From the 187th Judicial District Court, Bexar County, Texas
Trial Court No. 2017CR2450
Honorable Joey Contreras, Judge Presiding Opinion by: Rebeca C. Martinez, Justice Sitting: Rebeca C. Martinez, Justice Beth Watkins, Justice Liza A. Rodriguez, Justice AFFIRMED
After the trial court denied his motion to suppress, Kevin Apolinar Johns pled guilty to possession of a controlled substance and was sentenced as a repeat offender to fifteen years' imprisonment. On appeal, Johns asserts the trial court erred by: (1) denying his motion to suppress; (2) sua sponte questioning the witness at the suppression hearing; and (3) denying his motion for new trial. We overrule Johns's issues and affirm the trial court's judgment.
Deputy Kevin Rasmussen was the only witness to testify at the suppression hearing. Deputy Rasmussen testified he stopped Johns because the taillights of the rental vehicle he was driving were not working. Johns told Deputy Rasmussen that he was on probation and might have outstanding warrants. Deputy Rasmussen asked Johns to exit the vehicle and patted him down for weapons. Johns then consented to a search of his person. In searching Johns, Deputy Rasmussen discovered a substance in his pocket which he believed was methamphetamines. After arresting Johns and placing him in the back of the patrol car, Deputy Rasmussen searched Johns's vehicle and discovered more controlled substances in Johns's wallet and a handgun under the driver's seat.
As previously noted, Johns pled guilty to possessing a controlled substance after his motion to suppress was denied. Johns later filed a motion for new trial based on newly discovered evidence. The trial court denied the motion for new trial after a hearing. Johns appeals.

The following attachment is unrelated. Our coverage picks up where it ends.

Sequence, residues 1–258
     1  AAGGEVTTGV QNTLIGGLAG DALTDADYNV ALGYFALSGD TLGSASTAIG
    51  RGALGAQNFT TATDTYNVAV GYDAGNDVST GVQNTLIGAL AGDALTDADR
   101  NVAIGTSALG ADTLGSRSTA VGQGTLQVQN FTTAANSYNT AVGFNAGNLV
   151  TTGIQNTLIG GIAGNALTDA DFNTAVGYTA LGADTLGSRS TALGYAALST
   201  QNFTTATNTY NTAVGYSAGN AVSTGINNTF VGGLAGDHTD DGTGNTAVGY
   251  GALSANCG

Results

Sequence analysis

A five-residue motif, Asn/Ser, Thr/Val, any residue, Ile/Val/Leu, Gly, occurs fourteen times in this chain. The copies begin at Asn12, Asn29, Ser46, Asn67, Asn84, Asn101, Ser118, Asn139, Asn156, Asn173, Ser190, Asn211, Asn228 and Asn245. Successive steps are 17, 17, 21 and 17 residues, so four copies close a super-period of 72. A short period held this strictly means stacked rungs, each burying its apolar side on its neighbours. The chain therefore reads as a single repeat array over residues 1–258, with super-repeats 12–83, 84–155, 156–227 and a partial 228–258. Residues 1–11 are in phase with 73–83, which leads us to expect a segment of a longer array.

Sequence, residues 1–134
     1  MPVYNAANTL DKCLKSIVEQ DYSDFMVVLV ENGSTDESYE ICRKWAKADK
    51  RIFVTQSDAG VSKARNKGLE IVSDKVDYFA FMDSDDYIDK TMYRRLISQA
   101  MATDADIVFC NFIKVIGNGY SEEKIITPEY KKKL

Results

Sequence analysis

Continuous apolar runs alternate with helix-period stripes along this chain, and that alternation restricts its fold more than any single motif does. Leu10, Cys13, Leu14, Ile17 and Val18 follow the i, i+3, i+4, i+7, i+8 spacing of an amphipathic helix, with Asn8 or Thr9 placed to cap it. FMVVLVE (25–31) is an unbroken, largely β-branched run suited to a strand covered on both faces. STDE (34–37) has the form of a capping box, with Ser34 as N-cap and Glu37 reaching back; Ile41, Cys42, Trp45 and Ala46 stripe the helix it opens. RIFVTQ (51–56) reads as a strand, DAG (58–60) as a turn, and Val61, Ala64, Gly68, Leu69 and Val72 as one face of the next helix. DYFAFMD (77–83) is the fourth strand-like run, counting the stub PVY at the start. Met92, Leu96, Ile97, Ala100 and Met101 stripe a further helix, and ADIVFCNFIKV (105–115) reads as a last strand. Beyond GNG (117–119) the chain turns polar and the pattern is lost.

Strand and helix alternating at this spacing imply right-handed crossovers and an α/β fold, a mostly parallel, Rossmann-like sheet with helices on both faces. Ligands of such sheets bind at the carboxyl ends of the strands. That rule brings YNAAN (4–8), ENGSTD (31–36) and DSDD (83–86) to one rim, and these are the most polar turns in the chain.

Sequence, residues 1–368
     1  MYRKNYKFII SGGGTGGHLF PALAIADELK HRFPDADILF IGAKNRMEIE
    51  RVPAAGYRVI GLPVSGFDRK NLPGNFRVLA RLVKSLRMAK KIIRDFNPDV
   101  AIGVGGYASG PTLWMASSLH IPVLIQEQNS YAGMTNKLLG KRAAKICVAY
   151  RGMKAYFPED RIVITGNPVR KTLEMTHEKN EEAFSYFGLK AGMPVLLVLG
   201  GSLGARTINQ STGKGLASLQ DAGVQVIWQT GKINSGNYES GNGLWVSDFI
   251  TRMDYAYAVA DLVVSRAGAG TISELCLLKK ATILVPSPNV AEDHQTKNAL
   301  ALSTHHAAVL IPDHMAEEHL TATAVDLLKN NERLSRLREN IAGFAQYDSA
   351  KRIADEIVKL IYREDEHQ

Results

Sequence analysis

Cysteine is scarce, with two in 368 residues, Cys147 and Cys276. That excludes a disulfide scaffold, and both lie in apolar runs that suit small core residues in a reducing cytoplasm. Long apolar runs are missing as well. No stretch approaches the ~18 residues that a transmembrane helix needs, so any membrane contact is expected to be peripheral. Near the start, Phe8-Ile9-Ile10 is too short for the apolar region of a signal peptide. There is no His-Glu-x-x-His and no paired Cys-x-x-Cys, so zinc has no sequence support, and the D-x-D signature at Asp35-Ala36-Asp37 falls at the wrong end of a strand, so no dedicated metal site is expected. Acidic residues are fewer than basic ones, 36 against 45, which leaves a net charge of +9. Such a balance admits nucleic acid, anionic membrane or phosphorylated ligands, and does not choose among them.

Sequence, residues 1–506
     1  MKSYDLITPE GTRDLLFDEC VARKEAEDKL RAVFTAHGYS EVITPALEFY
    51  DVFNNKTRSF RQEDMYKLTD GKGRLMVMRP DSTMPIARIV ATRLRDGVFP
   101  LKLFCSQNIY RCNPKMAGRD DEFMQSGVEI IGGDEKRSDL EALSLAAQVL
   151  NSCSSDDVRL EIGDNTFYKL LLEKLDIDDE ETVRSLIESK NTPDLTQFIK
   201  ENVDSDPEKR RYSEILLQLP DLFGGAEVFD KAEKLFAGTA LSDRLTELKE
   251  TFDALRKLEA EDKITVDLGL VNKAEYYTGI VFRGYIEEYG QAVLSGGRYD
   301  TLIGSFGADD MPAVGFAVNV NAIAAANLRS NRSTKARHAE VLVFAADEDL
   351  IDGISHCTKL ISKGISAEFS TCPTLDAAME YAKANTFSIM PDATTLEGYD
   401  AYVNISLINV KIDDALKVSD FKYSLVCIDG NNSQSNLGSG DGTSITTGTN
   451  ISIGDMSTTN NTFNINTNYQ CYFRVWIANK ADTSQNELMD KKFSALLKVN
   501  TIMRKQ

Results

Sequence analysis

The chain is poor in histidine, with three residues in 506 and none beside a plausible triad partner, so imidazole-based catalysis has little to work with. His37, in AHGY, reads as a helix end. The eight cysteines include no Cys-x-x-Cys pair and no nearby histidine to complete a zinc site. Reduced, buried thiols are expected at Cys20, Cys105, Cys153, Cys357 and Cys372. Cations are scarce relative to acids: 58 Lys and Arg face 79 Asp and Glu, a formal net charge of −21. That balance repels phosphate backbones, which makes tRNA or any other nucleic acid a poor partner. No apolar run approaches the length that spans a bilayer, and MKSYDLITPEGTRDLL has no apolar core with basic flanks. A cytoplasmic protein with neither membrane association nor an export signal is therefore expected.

MOTION TO SUPPRESS
In his first issue, Johns contends the trial court erred in denying his motion to suppress because Deputy Rasmussen did not have a warrant to search his vehicle and no exception to the warrant requirement applied. The State responds the search was valid as a search incident to Johns's arrest or as an inventory search.
A. Standard of Review
We review a trial court's ruling on a motion to suppress evidence under a bifurcated standard of review. Lerma v. State, 543 S.W.3d 184, 189-90 (Tex. Crim. App. 2018). "Although we give almost total deference to the trial court's determination of historical facts, we conduct a de novo review of the trial court's application of the law to those facts." Love v. State, 543 S.W.3d 835, 840 (Tex. Crim. App. 2016) (internal quotation omitted). As an appellate court, we will affirm the trial court's ruling if "it is correct under any theory of law applicable to the case, even if the trial court did not rely on that theory." Leming v. State, 493 S.W.3d 552, 562 (Tex. Crim. App. 2016).
B. Applicable Law
"[O]nce the occupant of a vehicle is lawfully arrested, the Fourth Amendment permits a warrantless search of the vehicle's passenger compartment . . . 'when it is reasonable to believe that evidence of the offense of arrest might be found in the vehicle.'" State v. Sanchez, 538 S.W.3d 545, 548 (Tex. Crim. App. 2017) (quoting Arizona v. Gant, 556 U.S. 332, 335 (2009)). For example, when a driver is lawfully arrested for a drug offense, it is reasonable for the arresting officer "'to believe that further contraband or similar evidence relevant to the crime for which he had been arrested might be found in the vehicle from which he had just alighted and which was still within his vicinity at the time of arrest.'" Id. at 548-59 (quoting Justice Scalia's concurring opinion in Thornton v. United States, 541 U.S. 615, 632 (Scalia, J., concurring) and noting Gant adopted that opinion).